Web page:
When to Use Rising and Falling Inflection

//When to Use Rising and Falling Inflection

When to Use Rising and Falling Inflection

By | 2019-01-11T18:34:09+00:00 January 11th, 2019|Blog|0 Comments

When to Use Rising and Falling Inflection

When thinking about inflection, we consider how the pitch rises and falls in a sentence to help convey the message. Inflection is a key element of the English language; it can help us understand if the speaker is asking a question, making a statement, or conveying emotions such as disbelief or surprise. Once you can identify when to use different types of inflection, you can greatly improve your American English communication skills.

Before understanding how falling and rising inflection work in American English, it is important to know the four levels of pitch in a sentence. They are as follows:

Pitch Levels Intonation

The 4th level of pitch is used to emphasize or show strong feelings in an utterance, whereas the 3rd level of pitch is just below, indicating the primary stress in the sentence. Being able to detect the primary stress in a sentence is crucial to understanding the speaker’s message – see our post about it here. The 2nd pitch level usually begins the sentence or thought, and the first level indicates pitches that are below the rest.

Falling Inflection in Declarative Statements

Falling inflection is used to indicate complete messages, separate thoughts, “wh-” questions, and declarative messages ending with a period. Let’s talk about declarative statements first.

A declarative statement is simply a statement of a fact. These are used more commonly than we even realize, which is why it’s even more crucial to understand how falling inflection impacts declarative statements.

Regardless of where the stress is in a sentence, simple, declarative sentences use falling inflection. If the sentence is a statement of fact or opinion, the pitch starts low on first word, at pitch level 1 (see above). It then raises high (pitch level 4) on the stressed word. The pitch then falls all the way down (back to, or even below, pitch level 1) at the end of the sentence. See below:

Use the graphic above to consider the following declarative sentences, with the primary stress word in bold:

  1. Our car broke down.
  2. I went to the park today.
  3. She sang at the bar last night.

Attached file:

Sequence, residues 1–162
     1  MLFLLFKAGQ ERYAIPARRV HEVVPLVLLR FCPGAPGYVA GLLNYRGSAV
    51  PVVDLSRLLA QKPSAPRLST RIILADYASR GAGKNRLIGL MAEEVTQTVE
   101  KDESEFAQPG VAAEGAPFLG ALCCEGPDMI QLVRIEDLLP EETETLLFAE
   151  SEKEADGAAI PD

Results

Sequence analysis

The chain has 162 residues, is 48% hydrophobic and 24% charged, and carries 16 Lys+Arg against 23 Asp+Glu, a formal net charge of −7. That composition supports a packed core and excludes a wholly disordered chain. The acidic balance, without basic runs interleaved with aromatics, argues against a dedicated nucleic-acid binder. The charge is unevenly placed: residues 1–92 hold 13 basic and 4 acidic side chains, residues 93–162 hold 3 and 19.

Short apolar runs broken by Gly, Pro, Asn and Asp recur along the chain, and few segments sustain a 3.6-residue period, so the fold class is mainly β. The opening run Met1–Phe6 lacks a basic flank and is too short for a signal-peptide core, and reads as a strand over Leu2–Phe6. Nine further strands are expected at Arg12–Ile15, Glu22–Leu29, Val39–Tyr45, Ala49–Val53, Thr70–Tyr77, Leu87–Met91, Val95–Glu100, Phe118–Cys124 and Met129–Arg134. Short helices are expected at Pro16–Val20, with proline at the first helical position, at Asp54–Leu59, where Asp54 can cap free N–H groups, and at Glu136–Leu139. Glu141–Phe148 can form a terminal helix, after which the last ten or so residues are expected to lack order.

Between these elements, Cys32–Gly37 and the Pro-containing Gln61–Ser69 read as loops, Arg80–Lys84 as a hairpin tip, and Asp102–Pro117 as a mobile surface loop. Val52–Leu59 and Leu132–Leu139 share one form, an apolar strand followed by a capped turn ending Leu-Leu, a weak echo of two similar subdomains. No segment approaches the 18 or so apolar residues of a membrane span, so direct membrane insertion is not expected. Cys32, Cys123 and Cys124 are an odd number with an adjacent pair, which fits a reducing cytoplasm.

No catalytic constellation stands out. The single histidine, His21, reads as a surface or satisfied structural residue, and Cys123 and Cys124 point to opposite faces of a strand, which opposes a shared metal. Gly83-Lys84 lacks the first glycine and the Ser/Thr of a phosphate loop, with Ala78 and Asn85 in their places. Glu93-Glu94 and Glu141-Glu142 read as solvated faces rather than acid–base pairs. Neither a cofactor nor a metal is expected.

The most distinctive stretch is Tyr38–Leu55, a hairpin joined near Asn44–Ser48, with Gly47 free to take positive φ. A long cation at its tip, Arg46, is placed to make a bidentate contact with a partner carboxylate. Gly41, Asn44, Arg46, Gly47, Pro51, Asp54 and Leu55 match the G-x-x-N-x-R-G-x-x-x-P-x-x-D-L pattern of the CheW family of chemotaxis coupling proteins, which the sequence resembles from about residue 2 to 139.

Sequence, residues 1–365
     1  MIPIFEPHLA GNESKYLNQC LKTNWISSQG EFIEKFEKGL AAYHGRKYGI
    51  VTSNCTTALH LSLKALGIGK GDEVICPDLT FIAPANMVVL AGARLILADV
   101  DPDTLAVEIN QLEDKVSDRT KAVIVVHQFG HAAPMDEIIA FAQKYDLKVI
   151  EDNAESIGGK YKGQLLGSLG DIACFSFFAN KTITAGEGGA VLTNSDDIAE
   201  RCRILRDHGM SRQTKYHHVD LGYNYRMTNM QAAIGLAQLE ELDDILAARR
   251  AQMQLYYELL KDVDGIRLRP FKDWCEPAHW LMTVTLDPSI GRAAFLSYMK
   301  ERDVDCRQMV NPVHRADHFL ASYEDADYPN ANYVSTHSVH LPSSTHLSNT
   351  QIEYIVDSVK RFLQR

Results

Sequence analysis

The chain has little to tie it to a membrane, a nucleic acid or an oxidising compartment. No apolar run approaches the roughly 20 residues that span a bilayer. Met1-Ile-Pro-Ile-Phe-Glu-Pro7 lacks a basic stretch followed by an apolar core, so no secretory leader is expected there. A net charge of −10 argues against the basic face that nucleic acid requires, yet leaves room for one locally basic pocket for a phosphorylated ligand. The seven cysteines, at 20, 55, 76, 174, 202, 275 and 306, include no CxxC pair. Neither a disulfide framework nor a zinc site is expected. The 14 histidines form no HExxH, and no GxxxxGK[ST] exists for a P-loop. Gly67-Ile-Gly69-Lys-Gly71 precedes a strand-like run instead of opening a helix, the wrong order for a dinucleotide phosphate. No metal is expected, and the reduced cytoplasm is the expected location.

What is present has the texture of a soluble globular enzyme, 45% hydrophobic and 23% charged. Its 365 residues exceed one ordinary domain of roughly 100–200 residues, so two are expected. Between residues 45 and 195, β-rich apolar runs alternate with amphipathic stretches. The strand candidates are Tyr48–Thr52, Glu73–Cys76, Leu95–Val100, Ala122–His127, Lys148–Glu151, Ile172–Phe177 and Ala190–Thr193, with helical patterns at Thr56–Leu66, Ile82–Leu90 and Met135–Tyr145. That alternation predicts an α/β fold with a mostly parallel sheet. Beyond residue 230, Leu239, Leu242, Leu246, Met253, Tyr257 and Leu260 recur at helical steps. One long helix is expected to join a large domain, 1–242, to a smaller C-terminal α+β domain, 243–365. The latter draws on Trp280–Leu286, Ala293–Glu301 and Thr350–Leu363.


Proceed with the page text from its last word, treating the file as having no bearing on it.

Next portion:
To learn more about declarative sentences, check out this link for a guided tutorial with practice.

Falling Inflection in Questions

Falling Inflection is most commonly heard in a certain type of questions: “wh-” questions. “Wh-” questions include those starting with “who”, “what”, ‘where”, “when”, “why”, and sometimes “how”. These are questions that have answers that may be more predictable or may result in more definitive answers. For example, “When did he go to the store?” and “Who is that?” are both questions in which we can predict the answer. For the first question, the answer will be a time of day. For the second, it will be someone’s name, or an explanation of their relation to someone else (Marta’s mother, Joe’s friend, etc.).

Most often, when we ask wh- questions, it is to confirm with the conversation partner that we are correct. This is why they can be seen as more “declarative” questions, and why the inflection pattern is similar to that of declarative statements.

Slightly Rising Inflection

Now that we’ve reviewed falling inflection in its several forms, let’s move on to rising inflection. In American English, the pitch rises significantly on the key word of the sentence, gliding upward towards the last word of the sentence.

Is it / was it questions are a great example of this:

Is it difficult?

Was it cooked?

The first two words of these sentences are said rather quickly, and then the bolded, stressed word is said with a significantly higher pitch. Let’s consider sentences in which the primary stressed word is not the last word:

Is she going to eat tonight?

Do the shoes match with the jacket?

In the above two sentences, although the primary stressed word is not the last word, the pitch continues to increase until the end of the question.

If the emphasis isn’t placed on the primary stressed word, this can indicate doubt. Consider the following example, with the stress on the correct word in the first question, and on an alternative word in the second question:

Was it ready?

Was it ready?

The second sentence indicates that there is doubt that the item in question was ready at all. The first sentence merely asks if the item in question is ready or not.

As you may be able to tell, understanding the primary stress in a sentence and when to use rising or falling inflection can be key to communicating your message. This is one of the many subtleties of American English, but with this skill in your toolbox you are sure to be a more efficient communicator.

If you missed us last week, check out our last post, How to Place Stress in a Sentence!

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